As the destruction of Serbia continues apace (who would have thought that the Luftwaffe would be in action against the country which tied down a substantial element of the German army in the Second World War), and while Serbia itself implements ethnic cleansing policies reminiscent of the German regime it once resisted, it may seem that architecture is a relatively trivial concern. We may regret a bombed building, a destroyed church, but that is the way of it. Cities recover one way or another, sooner or later, as the last 50 years in Europe have shown. Should we worry about the loss of heritage in Kosovo or Sarajevo or Belgrade? Aren't there more pressing concerns?
Heritage pales into insignificance, of course, compared to the tragedy being played out across the Balkans, to the sound of bombs sent from remote third parties (us). Having almost immediately arrived at the situation we entered the war to prevent, the human story is now all-important as relief agencies line up to deliver temporary succour to people whose chances of re-occupying their old homes look remote. When has such a return taken place in recent history? News stories focus on surface events, be it the dramatic airlifting of Kosovars to safety, or the (obvious) ability of our aircraft to fly in increasing numbers when there is no cloud about.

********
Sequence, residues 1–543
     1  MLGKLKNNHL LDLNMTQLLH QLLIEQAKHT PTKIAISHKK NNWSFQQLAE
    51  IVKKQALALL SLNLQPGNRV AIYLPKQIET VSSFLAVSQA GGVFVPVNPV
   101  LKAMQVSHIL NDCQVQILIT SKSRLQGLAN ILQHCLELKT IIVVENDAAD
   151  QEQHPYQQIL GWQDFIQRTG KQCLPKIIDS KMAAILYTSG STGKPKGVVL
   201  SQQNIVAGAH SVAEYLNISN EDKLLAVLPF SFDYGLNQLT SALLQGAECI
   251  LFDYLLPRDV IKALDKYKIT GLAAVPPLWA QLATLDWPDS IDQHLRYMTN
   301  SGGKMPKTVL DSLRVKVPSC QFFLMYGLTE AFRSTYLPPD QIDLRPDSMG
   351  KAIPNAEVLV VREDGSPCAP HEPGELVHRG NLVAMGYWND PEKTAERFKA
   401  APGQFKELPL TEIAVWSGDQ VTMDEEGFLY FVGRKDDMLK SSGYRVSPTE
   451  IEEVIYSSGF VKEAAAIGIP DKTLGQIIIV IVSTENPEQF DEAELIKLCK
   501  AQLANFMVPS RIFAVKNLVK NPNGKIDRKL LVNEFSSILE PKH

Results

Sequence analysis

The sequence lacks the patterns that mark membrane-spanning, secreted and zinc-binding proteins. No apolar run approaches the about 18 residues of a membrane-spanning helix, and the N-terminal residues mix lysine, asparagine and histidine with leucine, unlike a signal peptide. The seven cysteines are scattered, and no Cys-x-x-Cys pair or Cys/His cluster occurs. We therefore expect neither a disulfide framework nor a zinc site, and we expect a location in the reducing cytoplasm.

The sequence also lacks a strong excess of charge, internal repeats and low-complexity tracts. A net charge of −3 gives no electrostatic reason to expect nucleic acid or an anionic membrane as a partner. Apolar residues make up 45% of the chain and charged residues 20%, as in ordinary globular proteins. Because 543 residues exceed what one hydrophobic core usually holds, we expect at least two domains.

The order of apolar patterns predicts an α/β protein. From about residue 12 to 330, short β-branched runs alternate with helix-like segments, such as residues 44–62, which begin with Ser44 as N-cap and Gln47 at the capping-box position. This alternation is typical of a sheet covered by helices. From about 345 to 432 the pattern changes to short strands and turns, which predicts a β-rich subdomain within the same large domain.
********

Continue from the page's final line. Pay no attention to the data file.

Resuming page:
As with all wars, there is a tendency to lose a sense of perspective, historical, political and military. But in a week when European history seemed to be melting and reforming in an older, uglier image, we have also read of the nominations for World Heritage sites, internationally recognised areas of historic, architectural, landscape or cultural significance. This is not just a hunt for more palaces, but an attempt to define aspects of our civilisation which, given the perspective of history, we can see to have continuing importance. Architecture, as an encapsulation of the way we live and govern ourselves, has an importance which lasts beyond even the loudest guns of war.